Painkillers That Kill- A Silent Injustice

By Dr. Fred J. Von Stieff

mans head with brain illuminated

A nightclub fire in Brazil leaves 242 college students dead and it makes worldwide news, as it should. Overdoses on opiate painkiller medications take the lives of over 25,000 individuals every year.

Where is the media coverage?

Amidst feelings of grief, confusion, and even unfounded guilt, this silent injustice leaves families with many unanswered questions:

How did this happen? Why did this happen? Who is to blame?

The latest research in the field of chemical dependency reveals answers that will destroy the stigma associated with drug-overdose on Opiate medications. Contrary to common belief, the individuals addicted to painkillers are often intelligent, moral, well-respected individuals that many would never guess struggled with addiction.

Why overdose is so Common

After the slippery slope of addiction is embarked upon, overdose is all too easy due to various dangerous characteristics of opiates.Many people start out taking these opiate medications for pain management or recreational use. As opiate medications are taken, the beta-endorphins (the body’s natural pain-fighting opiates) gradually shut off and receptors become disabled, increasing tolerance. The individual then increases dosage to remain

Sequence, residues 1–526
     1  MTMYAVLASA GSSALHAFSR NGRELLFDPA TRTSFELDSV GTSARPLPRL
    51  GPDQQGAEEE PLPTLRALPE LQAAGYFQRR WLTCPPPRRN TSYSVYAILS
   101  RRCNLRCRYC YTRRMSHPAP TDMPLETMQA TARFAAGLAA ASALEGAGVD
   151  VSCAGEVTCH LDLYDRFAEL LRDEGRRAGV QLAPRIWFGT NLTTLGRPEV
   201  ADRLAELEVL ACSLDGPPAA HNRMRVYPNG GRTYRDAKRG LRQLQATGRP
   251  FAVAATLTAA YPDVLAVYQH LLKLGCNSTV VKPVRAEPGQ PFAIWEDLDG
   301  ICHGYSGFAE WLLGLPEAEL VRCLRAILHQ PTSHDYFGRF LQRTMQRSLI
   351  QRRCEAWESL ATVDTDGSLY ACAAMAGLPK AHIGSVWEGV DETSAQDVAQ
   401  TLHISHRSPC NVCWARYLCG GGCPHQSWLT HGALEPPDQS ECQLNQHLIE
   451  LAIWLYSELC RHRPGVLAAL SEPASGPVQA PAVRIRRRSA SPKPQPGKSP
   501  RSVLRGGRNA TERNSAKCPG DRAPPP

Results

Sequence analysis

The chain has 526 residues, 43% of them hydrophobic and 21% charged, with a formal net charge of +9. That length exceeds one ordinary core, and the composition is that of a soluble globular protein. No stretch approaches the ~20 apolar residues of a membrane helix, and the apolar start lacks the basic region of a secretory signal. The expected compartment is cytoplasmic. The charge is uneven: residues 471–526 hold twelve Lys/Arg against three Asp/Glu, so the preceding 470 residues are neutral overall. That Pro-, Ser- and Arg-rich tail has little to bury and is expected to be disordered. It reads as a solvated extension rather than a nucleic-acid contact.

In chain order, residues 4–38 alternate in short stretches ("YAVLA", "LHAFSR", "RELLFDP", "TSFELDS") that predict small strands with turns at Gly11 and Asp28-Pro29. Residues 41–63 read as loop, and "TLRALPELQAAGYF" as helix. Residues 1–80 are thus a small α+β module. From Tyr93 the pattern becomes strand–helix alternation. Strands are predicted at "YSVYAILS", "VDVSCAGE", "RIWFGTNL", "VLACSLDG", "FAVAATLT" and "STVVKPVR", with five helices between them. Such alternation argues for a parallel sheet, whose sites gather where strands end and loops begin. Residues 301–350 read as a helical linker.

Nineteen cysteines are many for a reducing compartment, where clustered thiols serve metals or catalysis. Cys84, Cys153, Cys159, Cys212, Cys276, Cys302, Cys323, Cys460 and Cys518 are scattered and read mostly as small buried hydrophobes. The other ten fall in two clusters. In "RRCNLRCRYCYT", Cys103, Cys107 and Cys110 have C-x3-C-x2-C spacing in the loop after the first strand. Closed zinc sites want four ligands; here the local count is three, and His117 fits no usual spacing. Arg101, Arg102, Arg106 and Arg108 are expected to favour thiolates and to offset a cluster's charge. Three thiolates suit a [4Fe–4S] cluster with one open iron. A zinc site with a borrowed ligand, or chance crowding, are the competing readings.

functional and appear normal, keeping one step ahead of painful withdrawal. As the number of pills increase, the concentration of opiates in the blood stream reaches toxic levels, making the risk of overdose more likely. With their judgment and insight impaired, it becomes difficult to accurately keep track of how many pills have already been taken, making overdose all too easy.

Additionally, another serious danger to this addiction is the inconsistent strength of opiate drugs. An individual might take ten pills one day and ten pills the next day and the strength may vary greatly. This is yet another reason accidental overdose is so common. One mistake can all too easily cost a life.

Why Addicted?

Individuals readily became addicted to opiate medications for a combination of reasons: genetics, conditioning, neurochemical response, and avoidance of withdrawal. Genetic predisposition towards addiction is a reality that many face. Within our genetics are the instructions to how our brain develops, including details that determine each individual’s inherited amount of neurotransmitters.

Neurotransmitters are the chemical messengers that cause us to experience various feelings and sensations. Each person is born with innate levels of each kind of neurotransmitter. Some are born with deficiencies in these levels.